Remember these commercials?
Well it looks like Penguins are once again on many people's minds. That's because of Google's recent webspam update, that has been adorably dubbed Penguin.
From the horse's mouth:
In the next few days, we’re launching an important algorithm change targeted at webspam. The change will decrease rankings for sites that we believe are violating Google’s existing quality guidelines. We’ve always targeted webspam in our rankings, and this algorithm represents another improvement in our efforts to reduce webspam and promote high quality content. While we can't divulge specific signals because we don't want to give people a way to game our search results and worsen the experience for users, our advice for webmasters is to focus on creating high quality sites that create a good user experience and employ white hat SEO methods instead of engaging in aggressive webspam tactics.
In case you haven't heard this before, you should focus on creating high quality sites that also create a good user experience.
However, what this might also mean is that some tactics that you might have believed to be white hat, may actually be black hat according to Google. Over at SEOmoz, Dr. Pete provides some details on what he believes are the most likely culprits at risk from Penguin:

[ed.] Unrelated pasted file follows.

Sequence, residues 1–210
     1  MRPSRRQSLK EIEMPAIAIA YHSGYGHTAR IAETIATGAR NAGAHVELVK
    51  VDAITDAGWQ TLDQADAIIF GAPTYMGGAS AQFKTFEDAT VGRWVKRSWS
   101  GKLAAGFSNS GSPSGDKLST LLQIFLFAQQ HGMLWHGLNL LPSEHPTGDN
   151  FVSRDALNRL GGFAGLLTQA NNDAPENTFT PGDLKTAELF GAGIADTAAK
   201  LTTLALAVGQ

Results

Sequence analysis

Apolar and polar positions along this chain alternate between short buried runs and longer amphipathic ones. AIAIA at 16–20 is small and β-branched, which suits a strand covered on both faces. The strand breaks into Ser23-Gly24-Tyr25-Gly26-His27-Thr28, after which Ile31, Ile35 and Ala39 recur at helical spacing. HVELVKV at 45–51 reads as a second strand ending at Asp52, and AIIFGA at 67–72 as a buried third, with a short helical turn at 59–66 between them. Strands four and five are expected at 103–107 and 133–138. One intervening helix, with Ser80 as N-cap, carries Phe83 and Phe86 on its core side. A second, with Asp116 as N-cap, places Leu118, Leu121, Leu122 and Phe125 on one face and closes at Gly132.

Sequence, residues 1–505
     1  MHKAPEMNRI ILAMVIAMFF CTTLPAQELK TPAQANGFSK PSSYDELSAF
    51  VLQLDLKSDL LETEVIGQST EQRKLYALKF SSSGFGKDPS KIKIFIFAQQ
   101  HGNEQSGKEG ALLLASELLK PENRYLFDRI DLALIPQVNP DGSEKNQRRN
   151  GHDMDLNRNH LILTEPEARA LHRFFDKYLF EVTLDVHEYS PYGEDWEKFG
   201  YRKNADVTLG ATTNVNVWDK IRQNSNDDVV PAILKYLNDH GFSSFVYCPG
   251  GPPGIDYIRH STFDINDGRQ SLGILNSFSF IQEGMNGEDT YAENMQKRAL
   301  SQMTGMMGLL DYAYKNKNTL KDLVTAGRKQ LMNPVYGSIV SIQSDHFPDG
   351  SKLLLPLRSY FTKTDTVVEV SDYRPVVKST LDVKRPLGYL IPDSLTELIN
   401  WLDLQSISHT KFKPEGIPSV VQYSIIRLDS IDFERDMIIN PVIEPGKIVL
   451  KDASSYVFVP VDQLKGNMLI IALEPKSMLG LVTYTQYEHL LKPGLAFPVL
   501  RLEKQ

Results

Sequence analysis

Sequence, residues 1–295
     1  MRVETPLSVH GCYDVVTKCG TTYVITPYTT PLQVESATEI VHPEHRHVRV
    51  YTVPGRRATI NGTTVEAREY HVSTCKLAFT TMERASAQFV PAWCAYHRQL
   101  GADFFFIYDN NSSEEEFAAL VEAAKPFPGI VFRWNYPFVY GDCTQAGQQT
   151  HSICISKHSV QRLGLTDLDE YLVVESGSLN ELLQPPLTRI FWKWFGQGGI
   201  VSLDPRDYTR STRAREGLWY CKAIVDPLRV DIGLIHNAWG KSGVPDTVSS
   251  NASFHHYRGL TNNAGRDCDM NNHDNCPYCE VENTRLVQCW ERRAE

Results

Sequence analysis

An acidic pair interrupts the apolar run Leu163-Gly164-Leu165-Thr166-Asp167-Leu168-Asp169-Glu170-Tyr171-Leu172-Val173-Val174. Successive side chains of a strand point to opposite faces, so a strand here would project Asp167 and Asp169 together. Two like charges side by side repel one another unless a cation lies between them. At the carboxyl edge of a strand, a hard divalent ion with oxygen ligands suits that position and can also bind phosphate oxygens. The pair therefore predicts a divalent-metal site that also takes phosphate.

Aggressive exact-match anchor text
Overuse of exact-match domains
Low-quality article marketing & blog spam
Keyword stuffing in internal/outbound links
If you believe you may be a Penguin victim, Danny Sullivan provides some recovery tips over at SearchEngineLand. Which basically boil-down to:
Since this was targeting spam, you need to remove any spam you might have. In some cases, Google may have sent messages to you about spam activity in the past. Messages may even be waiting for you in Google Webmaster Central, if you’ve never verified your account.
Obviously, correct anything that Google has flagged as spam with your site. If nothing’s been flagged — and you’re sure it was Penguin that hit you — then correct whatever you can think of that might be spam-like.
The problem is that if you have been engaging in a variety of off-site spam tactics (like aggressive exact-match anchor text), it may prove to be difficult to "undo" these methods. Many spammy sites that are linking to you may be difficult to contact. Furthermore, before you submit a reconsideration request, you had better be really confident that your site is clean. What you might think is clean and what Google thinks is clean might be two very different things.
However, as Dr. Pete warns, be careful not to overreact. You may end up doing even more damage to your back link profile. On the other hand, you should consider addressing the following:
Known, obvious paid links
Links in networks Google has recently delisted
Footer links with exact-match anchor text
Other site-wide links with exact-match anchors
Think you might be a Penguin victim but aren't really sure? We'd be happy to take a look. Let's schedule a time to talk.